Coming into the summer, the Bears wide receiver room featured some of the stiffest competition on the team. Allen Robinson and Darnell Mooney were shoo-ins for the top-two spots, but after that Marquise Goodwin, Damiere Byrd, Dazz Newsome, Javon Wims, Riley Ridley and Anthony Miller were all fighting for relevance. Flash forward a few months however, and the landscape is different. Miller has been traded to Houston, and a new name has entered the conversation: Rodney Adams.
“He’s got speed,” Nagy said. “He’s got consistent hands. He’s learning the offense and he’s growing fast at that pace, like he’s understanding the conversions and what we do. And he cares. He cares. And he’s a great teammate. So he’s got a lot of strong qualities.”
Off the field, Rodney has needed to stay strong to have a shot in the NFL. In 2013, when he was just a freshman at Toledo, his mother died in a car accident. He then became the legal guardian for his 16-year-old brother, so he transferred to South Florida so he could be closer to his family. He played well there and was eventually selected by the Vikings in the fifth round of the 2017 draft. But when the Vikings reinstated Andrew Sendejo and claimed Mack Brown off of waivers in October of that year, Adams was waived and re-signed to the practice squad. He was only active for one game that season, per Pro Football Reference, and that remains the only game he’s ever been active for throughout his career.
In April 2018, now with the Colts’ practice squad, Adams suddenly decided to retire from football.
"I was battling demons," Adams told Larry Mayer of chicagobears.com. "I was going through a lot, trying to be strong for my family. But I cracked, I broke. I was battling a whole bunch of stuff. I just had to walk away from the game. You couldn't see it because I was always smiling, but everyone is battling something."
He went to Los Angeles to pursue an acting career, but just a couple of years later he wanted back in the game. Fortunately for Adams, the Colts were happy to have him and reinstated him in January 2020. He didn’t make the team however, and was waived in early August of that year. This is where the Bears come in. The same day the Bears announced Artie Burns was going on injured reserve with a torn ACL, they also announced they’d signed Adams.
Adams made it all the way through camp, but was cut as the Bears trimmed down to their 53-man roster. He made enough of an impression to earn a job on the practice squad however, and that’s where he spent the 2020 season.
Now with the calendar flipping to 2021, things seem to be turning around for Adams too. He’s put together a great camp, making splashy plays with both rookie quarterback Justin Fields and Andy Dalton. That play has translated in the Bears’ two preseason games too. But the cherry on top has to be his new daughter, Brexleigh, who was born the night before the second preseason game against the Bills.
“Given what I have gone through, just getting to this point is a huge, huge goal and accomplishment for me,” Adams said. “Stepping away for two seasons and then coming back and being at this part of camp and having the two games that I’ve had, it’s huge. I mean, I don’t want to say not a lot of people can do it, but at the same time not a lot of people are strong enough to stay the course, to get to this point. So I mean, I’m just blessed to be here. I’m just really blessed to be here.”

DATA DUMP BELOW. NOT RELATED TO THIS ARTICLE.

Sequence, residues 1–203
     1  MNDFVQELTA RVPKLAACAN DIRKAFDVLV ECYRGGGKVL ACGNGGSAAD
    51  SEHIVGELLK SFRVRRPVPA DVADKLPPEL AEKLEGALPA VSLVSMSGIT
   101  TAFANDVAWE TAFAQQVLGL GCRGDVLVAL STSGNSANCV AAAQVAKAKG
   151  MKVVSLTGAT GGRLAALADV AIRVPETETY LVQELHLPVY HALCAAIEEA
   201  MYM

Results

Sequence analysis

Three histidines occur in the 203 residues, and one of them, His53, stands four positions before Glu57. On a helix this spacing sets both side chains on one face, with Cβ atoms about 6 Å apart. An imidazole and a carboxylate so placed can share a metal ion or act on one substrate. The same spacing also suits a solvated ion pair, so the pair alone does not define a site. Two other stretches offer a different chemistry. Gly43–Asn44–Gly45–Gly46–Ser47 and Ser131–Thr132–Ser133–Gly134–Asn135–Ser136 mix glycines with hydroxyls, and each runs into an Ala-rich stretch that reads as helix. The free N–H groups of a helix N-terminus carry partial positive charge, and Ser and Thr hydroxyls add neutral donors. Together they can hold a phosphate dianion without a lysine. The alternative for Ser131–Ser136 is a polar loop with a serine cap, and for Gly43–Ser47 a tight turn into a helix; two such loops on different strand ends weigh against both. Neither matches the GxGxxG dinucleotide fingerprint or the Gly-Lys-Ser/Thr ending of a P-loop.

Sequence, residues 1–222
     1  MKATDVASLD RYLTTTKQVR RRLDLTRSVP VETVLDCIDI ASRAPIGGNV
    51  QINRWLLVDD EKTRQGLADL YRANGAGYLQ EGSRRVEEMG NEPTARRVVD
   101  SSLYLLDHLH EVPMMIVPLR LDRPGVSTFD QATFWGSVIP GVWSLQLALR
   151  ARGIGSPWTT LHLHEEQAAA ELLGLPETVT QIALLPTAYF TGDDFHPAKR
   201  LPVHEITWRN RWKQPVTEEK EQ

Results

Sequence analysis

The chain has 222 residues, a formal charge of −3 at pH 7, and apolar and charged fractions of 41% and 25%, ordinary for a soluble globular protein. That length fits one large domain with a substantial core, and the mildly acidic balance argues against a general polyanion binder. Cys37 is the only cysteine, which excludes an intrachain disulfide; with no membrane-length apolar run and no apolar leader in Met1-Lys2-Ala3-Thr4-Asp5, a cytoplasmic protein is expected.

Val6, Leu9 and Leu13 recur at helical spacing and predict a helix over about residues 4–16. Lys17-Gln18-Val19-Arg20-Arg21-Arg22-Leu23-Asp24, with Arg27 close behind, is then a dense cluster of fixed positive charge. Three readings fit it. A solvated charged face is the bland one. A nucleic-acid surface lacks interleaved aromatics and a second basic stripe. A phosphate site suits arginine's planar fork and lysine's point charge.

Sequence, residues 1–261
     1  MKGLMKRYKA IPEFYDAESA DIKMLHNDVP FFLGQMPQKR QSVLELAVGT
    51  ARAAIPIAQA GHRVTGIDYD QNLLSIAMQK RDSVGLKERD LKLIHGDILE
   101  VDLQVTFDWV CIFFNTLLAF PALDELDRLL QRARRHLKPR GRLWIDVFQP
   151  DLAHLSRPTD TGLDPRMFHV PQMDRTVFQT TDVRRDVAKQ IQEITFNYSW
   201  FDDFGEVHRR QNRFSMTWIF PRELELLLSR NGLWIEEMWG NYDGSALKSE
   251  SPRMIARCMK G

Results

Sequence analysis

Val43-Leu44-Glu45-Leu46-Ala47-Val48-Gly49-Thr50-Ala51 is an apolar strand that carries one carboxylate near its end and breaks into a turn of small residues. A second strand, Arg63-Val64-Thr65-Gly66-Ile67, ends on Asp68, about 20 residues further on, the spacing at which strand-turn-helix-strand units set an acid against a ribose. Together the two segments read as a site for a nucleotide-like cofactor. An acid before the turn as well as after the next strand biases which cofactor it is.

Adams’ coaches and teammates have noticed he isn’t taking this second chance at football for granted, too.
“He’s a really humble kid,” Nagy said. “He’s very appreciative of this opportunity. I think coach Furrey’s done a great job of developing him and giving him opportunities. To Rodney’s credit, he’s taken advantage of it and he’s had now back-to-back games, two phenomenal catches, special catches. You root for guys like that. He’s obviously, too, going through some things and just having a baby and not sleeping much. It just shows his resiliency but I like where he’s at.”
“Obviously he has a lot of talent,” said Robinson. “He was drafted into this league. Him being able to really improve and chisel away at some of the things that he did well and being able to fine-tune his game. He's the person that goes into work each and every day.”
When asked what gives him the strength to push through and continue to fight for a job in the NFL, Adams said it all comes back to his late mother.
“She would’ve wanted the world for me,” Adams said. “Just honoring her and fighting back— being back in the NFL. Her not being able to see me play college football and play down in the league, it’s all for her. So now she has to share that spot with Brexleigh, but just staying strong, you know?”
Now, that fight for a roster spot seems as real as ever. He’s put in the work and has done enough to put himself in the thick of the competition at wide receiver, alongside guys who have NFL gameday experience, like Wims and Ridley. But with final cuts fast approaching and his dream within reach again, Adams says he tries not to think about it.
“I'm trying to get 100% better every single day, I'm not thinking about 10 days ahead,” Adams said. “What's the challenge tomorrow? What's the challenge the next day? I'm not thinking 10 days ahead, I'm thinking what's going to happen tomorrow.”